Student's declaration 15th anniversary of November 17, 1989
We, who are students now, were children at the time of November 17, 1989, so we know what that time was like only from other people’s accounts. Many describe it as the most wonderful period of their lives, in peculiar agreement: the euphoria which marked the end of the “desolate decades when time stood still and freedom was non-existent” (Havel) definitely transcended the boundaries of personal experience and was shared almost by all.
It was then, too, that something like common consciousness awoke again, and with it also the interest in public matters. This interest was what most sharply distinguished the months after November ‘89 from the years before.
All this was, of course, more than just a change in public feeling: November ‘89 became a landmark of our country’s history, thanks to which people could finally step out of the narrow circle of their private lives and resume the responsibility for the future of their country. This is, after all, the most important legacy of the November events.
We, today’s students, live in a time when the post-November enthusiasm has long since petered out. This is probably natural; the alarming thing is that all the ideals of that time seem to have petered society at large is mostly a distrust of any common interest and above all reluctance to do anything for it. Even students are unwilling and sometimes afraid to speak out against blatant wrongs they see around them. The prevailing attitude is a pragmatic concern for personal interests only – for comfort and convenience in private life. It is good to remember that hiding in one’s privacy was a characteristic feature of the pre-November times.
While the former regime used force and oppression to make people care only for themselves, today we seem to do it of our own free will. We have accepted a somewhat dangerous idea that putting private interests first is the main advantage democracy has to offer. As if democracy were only a kind of consumer service, enabling people to enclose themselves within a circle of everyday amusements. Such concept of democracy has little to do with the real thing: the indifferent (and slightly disgusted) watching of what goes on in the public sphere was typical of the Husák regime. Are we not unconsciously making way for something similar?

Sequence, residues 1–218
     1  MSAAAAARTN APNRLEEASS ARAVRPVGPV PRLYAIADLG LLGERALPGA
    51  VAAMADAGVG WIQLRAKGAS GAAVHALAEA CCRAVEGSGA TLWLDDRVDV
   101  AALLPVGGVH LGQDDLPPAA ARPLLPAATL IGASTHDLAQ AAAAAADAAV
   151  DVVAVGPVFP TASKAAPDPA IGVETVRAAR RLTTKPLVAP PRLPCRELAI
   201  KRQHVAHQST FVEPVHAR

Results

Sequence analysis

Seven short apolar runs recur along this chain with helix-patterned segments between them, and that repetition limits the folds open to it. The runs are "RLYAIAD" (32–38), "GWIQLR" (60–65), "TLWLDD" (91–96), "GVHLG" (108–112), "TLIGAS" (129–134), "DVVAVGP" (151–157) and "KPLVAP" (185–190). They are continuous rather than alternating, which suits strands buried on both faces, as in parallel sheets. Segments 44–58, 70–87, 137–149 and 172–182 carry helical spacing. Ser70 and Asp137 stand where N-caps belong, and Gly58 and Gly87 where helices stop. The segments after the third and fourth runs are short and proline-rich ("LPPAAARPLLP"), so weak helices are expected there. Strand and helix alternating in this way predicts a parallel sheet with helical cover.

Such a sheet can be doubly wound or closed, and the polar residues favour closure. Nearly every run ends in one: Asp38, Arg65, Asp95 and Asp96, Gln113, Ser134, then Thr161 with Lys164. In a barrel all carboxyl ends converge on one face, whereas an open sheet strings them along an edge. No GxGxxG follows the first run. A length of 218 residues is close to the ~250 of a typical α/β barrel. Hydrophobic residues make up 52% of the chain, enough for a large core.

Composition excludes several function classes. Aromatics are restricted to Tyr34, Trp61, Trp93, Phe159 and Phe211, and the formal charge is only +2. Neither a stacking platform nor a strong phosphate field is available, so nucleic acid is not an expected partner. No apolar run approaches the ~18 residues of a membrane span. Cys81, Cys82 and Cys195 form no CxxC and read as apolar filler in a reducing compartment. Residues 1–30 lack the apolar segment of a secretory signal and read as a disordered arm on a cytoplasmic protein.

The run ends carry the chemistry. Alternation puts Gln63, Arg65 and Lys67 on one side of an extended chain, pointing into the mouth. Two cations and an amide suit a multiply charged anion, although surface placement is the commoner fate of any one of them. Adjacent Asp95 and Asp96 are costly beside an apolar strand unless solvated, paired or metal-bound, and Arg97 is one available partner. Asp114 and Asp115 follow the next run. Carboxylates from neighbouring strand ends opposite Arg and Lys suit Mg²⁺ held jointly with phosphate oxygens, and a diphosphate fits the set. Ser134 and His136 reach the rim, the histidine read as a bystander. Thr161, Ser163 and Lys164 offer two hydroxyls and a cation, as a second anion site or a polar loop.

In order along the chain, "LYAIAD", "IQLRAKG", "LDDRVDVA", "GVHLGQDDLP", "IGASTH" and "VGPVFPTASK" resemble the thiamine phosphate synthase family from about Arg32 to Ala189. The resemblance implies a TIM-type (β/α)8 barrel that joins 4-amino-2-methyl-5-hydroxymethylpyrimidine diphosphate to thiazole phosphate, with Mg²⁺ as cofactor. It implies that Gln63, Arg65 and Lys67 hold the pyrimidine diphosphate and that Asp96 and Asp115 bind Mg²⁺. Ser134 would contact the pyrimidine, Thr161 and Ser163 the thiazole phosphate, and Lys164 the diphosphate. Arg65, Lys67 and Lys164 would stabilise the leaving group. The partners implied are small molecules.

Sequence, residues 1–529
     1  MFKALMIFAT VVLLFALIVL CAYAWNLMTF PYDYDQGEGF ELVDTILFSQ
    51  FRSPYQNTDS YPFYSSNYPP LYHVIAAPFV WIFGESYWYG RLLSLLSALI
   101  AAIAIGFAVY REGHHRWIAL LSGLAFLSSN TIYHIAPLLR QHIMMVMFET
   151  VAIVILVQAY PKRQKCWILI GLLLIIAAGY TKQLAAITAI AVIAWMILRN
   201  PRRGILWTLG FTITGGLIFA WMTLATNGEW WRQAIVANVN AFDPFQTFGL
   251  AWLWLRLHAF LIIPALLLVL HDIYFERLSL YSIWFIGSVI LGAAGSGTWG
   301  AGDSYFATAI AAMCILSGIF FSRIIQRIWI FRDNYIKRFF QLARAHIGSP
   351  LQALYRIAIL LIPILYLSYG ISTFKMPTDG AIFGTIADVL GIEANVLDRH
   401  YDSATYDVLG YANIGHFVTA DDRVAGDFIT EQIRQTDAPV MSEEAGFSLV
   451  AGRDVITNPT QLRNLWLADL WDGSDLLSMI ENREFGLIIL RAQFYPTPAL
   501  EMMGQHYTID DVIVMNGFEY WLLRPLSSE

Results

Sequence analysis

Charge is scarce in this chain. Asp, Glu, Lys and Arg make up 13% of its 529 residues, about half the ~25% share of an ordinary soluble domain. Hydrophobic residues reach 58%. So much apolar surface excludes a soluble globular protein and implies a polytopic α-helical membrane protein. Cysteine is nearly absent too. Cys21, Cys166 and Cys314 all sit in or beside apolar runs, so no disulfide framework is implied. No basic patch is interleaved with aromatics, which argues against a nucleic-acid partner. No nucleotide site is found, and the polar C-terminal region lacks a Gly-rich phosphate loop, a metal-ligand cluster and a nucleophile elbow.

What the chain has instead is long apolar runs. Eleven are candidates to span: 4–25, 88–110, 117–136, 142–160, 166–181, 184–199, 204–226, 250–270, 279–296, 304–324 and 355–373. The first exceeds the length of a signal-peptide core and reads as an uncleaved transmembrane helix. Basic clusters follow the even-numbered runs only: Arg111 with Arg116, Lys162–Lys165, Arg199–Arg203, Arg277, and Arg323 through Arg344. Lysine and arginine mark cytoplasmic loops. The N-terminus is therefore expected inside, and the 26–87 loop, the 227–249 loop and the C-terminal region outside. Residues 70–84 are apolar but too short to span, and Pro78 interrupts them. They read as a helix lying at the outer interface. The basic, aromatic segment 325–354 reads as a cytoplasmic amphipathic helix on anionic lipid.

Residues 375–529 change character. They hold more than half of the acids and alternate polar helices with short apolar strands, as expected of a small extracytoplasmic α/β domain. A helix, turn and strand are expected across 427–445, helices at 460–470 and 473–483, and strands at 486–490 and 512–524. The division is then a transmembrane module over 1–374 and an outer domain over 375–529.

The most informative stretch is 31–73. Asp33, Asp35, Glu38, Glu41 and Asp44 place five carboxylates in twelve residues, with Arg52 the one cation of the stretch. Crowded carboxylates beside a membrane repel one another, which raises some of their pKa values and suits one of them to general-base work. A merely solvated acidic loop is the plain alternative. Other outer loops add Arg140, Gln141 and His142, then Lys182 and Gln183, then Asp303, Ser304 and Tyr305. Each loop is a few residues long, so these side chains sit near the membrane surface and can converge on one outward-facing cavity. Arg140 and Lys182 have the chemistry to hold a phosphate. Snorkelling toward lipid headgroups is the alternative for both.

We, students, do not want anything of the sort. Hoping that we are not the only ones, we appeal to everybody else to join us in the following:
– Respond to all kinds of arrogance shown by politicians, officials, superiors or even teachers. Use all means to prevent arrogance from becoming a universally successful method.
– Avoid ambiguous interpretations of the Communist past, and still more its whitewashing. Be wary of all calls
for such reinterpretations. Prevent people who were subservient to the former Communist regime from holding important public posts.
– Prevent public figures from taking advantage of our leaky memory. Help create an environment in which a wrong is called a wrong and is remembered.
– Join together whenever a good thing can be done by pooling forces and resources.
We, who are students now, were children at the time of November 17,1989, and we know what that time was like only from other people’s accounts. But its message seems to us as important as ever – and we will do our best to ensure it will not be forgotten.
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